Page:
29 Lung Cancer Facts You Should Know
Here are 29 facts about lung cancer that everyone should be aware of – after all, we all have lungs. And, lung cancer accounts for more deaths every year than any other cancer and more than breast, prostate, and colon cancer combined. Stay informed! Read each section for more lung cancer facts, information, and statistics.
LIFETIME DIAGNOSIS RATE
Currently, 1 in 15 people in the U.S. can expect to receive a lung cancer diagnosis. That’s 1 out of every 14 men, and 1 out of every 17 women.
LUNG CANCER MORTALITY RATE
Lung cancer kills almost twice as many women as breast cancer, and more than three times as many men as prostate cancer.
NO. 1 LADY KILLER
Lung cancer is the leading cancer killer among women in the U.S. — it surpassed breast cancer in 1987.
Fewer than 1 in 7 lung cancer patients will be diagnosed in the earliest stage, when the disease is most treatable.
TYPES OF LUNG CANCER
There isn’t just one lung cancer – every lung cancer is unique. Lung cancer is a group of diseases defined by the genetic makeup of the lung cancer tumors.
RATE INCREASE IN WOMEN
During the past 39 years, the lung cancer death rate has fallen 29% among men while increasing 102% among women.
There is currently no cure for lung cancer, however new research is making it possible for people to live with their lung cancer, managing it like a chronic disease. You can be a part of this progress by supporting research.
An estimated 142,670 lung cancer deaths are expected to occur in 2019 in the United States, accounting for about 27% of all cancer deaths nationwide.
LACK OF FEDERAL FUNDING
Sadly, federal funding for lung cancer research per related death was just $2,634 compared to $13,715 for breast cancer, $6,008 for prostate cancer, and $5,123 for colorectal cancer in 2021.
LOWEST SURVIVAL RATE
With a 19% five-year survival rate, lung cancer ranks the lowest among the other most common cancers: prostate cancer (99%), breast cancer (89%), and colorectal cancer (65%).
DEATHS PER DAY
Lung cancer kills 433 people each day in the U.S. — that’s the same number of seats on a Boeing 747 airplane.
DEATH RATE PER MINUTE
Every 3.3 minutes, someone in the U.S. dies of lung cancer.
WOMEN’S DEATH RATE SNAPSHOT
It’s estimated that more than 62,000 American women will die of lung cancer in 2021 — that’s 170 women each day, or 7 per hour (or one death every 8.6 minutes).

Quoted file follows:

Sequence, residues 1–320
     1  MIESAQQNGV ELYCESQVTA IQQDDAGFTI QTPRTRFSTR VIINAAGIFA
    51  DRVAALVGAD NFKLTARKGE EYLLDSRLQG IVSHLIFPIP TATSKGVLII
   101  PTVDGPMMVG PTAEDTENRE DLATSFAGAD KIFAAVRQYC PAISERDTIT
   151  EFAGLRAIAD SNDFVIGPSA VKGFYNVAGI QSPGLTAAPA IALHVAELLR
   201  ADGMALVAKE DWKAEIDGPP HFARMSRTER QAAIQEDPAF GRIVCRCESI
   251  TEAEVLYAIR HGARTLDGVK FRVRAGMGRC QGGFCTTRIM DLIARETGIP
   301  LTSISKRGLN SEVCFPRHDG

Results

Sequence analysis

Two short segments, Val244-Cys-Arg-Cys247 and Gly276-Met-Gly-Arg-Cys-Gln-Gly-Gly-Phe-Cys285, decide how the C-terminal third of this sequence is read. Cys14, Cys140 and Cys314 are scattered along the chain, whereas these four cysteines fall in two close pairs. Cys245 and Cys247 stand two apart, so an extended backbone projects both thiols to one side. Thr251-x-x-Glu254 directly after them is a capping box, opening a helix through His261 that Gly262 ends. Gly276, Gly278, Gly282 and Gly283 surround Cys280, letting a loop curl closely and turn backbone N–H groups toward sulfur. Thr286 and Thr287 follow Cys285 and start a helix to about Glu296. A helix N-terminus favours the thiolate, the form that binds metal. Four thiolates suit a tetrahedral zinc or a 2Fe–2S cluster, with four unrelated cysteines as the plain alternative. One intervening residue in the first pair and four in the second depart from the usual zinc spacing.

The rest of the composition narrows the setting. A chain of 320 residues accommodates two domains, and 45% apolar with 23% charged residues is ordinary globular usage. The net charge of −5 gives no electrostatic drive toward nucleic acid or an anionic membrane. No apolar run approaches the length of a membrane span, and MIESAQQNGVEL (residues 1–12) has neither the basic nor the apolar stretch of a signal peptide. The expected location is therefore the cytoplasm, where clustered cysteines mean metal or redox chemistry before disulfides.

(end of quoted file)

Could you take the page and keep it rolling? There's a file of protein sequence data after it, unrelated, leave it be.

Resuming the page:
DIAGNOSIS RATE PER MINUTE
An estimated 224,390 people in the U.S. will be diagnosed with lung cancer in 2019. That’s 615 people each day, 26 people each hour, and one person every 2½ minutes.
65% of new lung cancer cases are in former smokers and those who have never smoked.
Smoking is still a high-risk factor for lung cancer. There were an average of 130,659 lung cancer deaths due to smoking each year between 2005 and 2010; every year, approximately 7,330 lung cancer deaths are due to secondhand smoke exposure.
RADON IS A REAL RISK
Radon causes about 21,000 lung cancer deaths each year, making it the second leading cause of lung cancer death.
POLLUTION & LUNG CANCER
An estimated 23% of lung cancer deaths worldwide are caused by indoor or outdoor air pollution.
EARLY DIAGNOSIS SURVIVAL RATE
If lung cancer is caught before it spreads, the likelihood of surviving 5 years or more improves to 55%.
EARLY DETECTION MORTALITY RATE
Early detection through low-dose CT screening can decrease lung cancer mortality rates by 14%-20% among high-risk populations.
SURVIVAL RATE FOR WOMEN
Half of the women who are diagnosed with lung cancer (50.1%) will survive just one year. Only one in 5 of those women who are diagnosed with lung cancer (22%) will survive to 5 years.
CANCER RISK COMPARISON
Among women, the lifetime risk of dying from lung cancer is 82% greater than the risk of dying from breast cancer (the second leading cancer killer of women).
MEN & LUNG CANCER
Lung cancer is more common in men than women, particularly African American men. The chance of getting lung cancer increases with age, and, of course, with a smoking history.
Employees who smoke cost their employer nearly $6,000 more each year compared to non-smoking employees.
LUNG CANCER CARE
$13.4 billion was spent on lung cancer care in 2015.
END OF LIFE CARE
More was spent on care in the last year of life ($5.5 billion) for lung cancer than any other cancer in 2015.
The $39 billion in lost productivity due to lung cancer deaths was more than the next 4 costliest cancers combined.
2019 Facts and Statistics Sources:
1. SEER Cancer Statistics Review (CSR) 1975-2015 https://seer.cancer.gov/csr/1975_2015/
2. Centers for Disease Control and Prevention. National Center for Health Statistics. CDC WONDER On-line Database, compiled from Compressed Mortality File 1999-2014 Series 20 No. 2T, 2016.
5. U.S. Department Of Health And Human Services. The Health Consequences of Smoking — 50 Years of Progress: A Report of the Surgeon General. 2014.